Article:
Symptoms A-Z

Swollen Mouth Symptoms, Causes & Common Questions

Understand your swollen mouth symptoms, including 7 causes & common questions.

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Contents

  1. Symptoms
  2. Causes
  3. 7 Possible Swollen Mouth Conditions
  4. Treatments and Relief
  5. Questions Your Doctor May Ask
  6. Statistics
  7. References

Swollen Mouth Symptoms

The mouth is perhaps the most sensitive of all the parts of the body. If the mouth fails to detect that you're eating something that might be hazardous, you could be harmed. That's why it will respond right away with warning signals such as redness, pain, and swelling, if it is touched by anything that might cause allergy or illness [1].

In addition, any sort of injury or underlying medical condition can also manifest quite noticeably as mouth swelling, since your mouth is such a fundamental part of your face for talking, eating, and breathing.

Common characteristics of a swollen mouth are

If you're experiencing mouth swelling it can likely be described by:

  • Swelling of the lips, tongue, and throat
  • Red, sore, blistered appearance on the inside of the mouth
  • A rounded lump anywhere inside the mouth: This may be painful or painless
  • Difficulty speaking and with other mouth functions: Such as eating and swallowing due to dryness, pain, and swelling
  • Soreness and swelling of the roof of the mouth

Who is most often affected by swollen mouth symptoms

People who fit the following descriptions are more likely to experience a swollen mouth.

  • Anyone who smokes
  • Those not practicing good oral hygiene

Are swollen mouth symptoms serious?

The severity of mouth swelling is ultimately dependent on the cause.

  • Not serious: Temporary irritation from foods or beverages will heal quickly with a little care.
  • Moderately serious: Unexplained, persistent swelling that causes pain or other difficulty should be seen by a medical provider.
  • Serious: Sudden swelling that includes tightening of the throat and interferes with breathing is a medical emergency and must be treated immediately [2].

Swollen Mouth Causes

Many conditions can cause the symptom of a swollen mouth. We've listed several different causes here, in approximate order from most to least common.

Allergy

Allergies will usually cause swelling in other parts of the body, too, as well as in the mouth, lips, tongue, and palate (the roof of the mouth).Allergies can be causes by:

  • Foods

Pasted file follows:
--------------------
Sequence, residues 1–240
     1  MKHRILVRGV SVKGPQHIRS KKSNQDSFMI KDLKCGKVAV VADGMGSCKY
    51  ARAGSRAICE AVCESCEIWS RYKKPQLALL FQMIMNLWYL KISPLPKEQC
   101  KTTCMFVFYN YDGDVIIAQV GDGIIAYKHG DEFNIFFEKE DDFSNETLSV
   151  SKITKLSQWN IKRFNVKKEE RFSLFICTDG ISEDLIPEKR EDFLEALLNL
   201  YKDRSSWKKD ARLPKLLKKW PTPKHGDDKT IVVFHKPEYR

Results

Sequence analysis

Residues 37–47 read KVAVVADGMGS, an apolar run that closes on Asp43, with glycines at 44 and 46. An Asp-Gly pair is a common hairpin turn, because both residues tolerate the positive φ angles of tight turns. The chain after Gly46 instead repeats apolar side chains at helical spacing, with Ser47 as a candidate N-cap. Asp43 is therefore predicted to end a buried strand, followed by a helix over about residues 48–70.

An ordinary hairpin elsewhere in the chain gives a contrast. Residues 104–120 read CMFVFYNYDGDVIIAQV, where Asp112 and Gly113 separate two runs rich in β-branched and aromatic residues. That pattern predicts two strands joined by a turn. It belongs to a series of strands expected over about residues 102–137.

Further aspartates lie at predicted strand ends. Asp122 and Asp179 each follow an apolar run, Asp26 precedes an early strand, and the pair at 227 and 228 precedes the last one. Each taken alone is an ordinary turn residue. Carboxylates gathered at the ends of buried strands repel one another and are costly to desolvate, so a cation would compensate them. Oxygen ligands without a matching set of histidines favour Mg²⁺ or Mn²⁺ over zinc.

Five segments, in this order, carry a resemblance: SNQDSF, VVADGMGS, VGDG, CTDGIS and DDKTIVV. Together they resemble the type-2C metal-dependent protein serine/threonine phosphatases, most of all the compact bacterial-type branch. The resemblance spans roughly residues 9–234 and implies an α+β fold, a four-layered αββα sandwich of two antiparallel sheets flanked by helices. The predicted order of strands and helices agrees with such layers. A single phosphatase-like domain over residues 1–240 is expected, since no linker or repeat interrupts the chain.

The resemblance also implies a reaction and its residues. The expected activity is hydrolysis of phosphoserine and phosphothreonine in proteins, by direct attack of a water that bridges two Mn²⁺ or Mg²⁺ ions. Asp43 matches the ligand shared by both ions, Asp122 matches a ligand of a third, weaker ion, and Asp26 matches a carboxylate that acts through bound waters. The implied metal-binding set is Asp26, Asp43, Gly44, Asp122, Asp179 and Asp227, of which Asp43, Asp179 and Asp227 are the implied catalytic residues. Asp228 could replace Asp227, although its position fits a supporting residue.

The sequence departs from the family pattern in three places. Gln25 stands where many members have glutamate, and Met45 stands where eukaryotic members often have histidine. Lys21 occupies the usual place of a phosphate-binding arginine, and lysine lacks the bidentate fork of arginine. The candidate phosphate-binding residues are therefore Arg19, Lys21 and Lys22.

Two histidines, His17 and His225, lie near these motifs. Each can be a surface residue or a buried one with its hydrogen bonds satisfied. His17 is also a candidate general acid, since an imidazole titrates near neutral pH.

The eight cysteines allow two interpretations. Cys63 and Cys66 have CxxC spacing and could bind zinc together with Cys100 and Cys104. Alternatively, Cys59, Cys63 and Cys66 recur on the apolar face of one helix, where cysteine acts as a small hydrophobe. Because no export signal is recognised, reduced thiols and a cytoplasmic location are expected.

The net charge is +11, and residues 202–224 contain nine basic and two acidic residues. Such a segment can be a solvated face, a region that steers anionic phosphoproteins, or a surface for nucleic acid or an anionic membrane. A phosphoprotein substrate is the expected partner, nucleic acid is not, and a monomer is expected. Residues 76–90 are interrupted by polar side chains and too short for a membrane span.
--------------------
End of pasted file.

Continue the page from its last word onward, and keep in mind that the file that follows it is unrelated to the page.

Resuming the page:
• Medications
  • Products for your oral health
  • Skincare products or makeup
  • Plants that you have touched just before touching your mouth
  • Insect bites or stings on the lips or even the tongue

Trauma

Trauma-related causes of tooth swelling may include the following.

  • Dental treatment or surgery: This may cause swelling after the procedure.
  • Sports injury: A ball or another player may strike you in the mouth and result in swelling.
  • Other injury: Such as a car accident, can cause trauma to the mouth

Infection

Infections of the tissues of and around the mouth itself can result in swelling.

  • Bacterial infection: A bacterial infection can cause an abscess, which is a painful, infected lump inside the mouth [3].
  • Cold sores: A viral infection or "cold sore" can cause the roof of the mouth to swell at the same time the sore appears.
  • Spreading tooth infection: In rare cases bacteria may spread from a tooth infection and get into the floor of the mouth. This can cause enough swelling to displace the tongue and push it back until it blocks the throat and, though infrequent, can cause difficulty breathing and a medical emergency.

Illness

Illness can lead to a swollen mouth, such as the following.

  • Viral illness: Some viral illnesses can cause swelling and itching of the roof of the mouth, along with sore throat, swollen glands and tonsils, fatigue, and high fever.
  • Sinus infection: A sinus infection may cause swelling of the roof of the mouth as well as pain, pressure, fever, headache, and nasal congestion.
  • Blocked salivary gland: A blocked salivary gland can fill up with mucus and form a cyst. This is a soft, painless swelling that will appear in the cheeks or on the floor of the mouth.

Irritation

Redness, soreness, and swelling in the mouth can occur with repeated exposures to irritating substances such as [4]:

  • Cigarette smoke
  • Chewing tobacco
  • Alcohol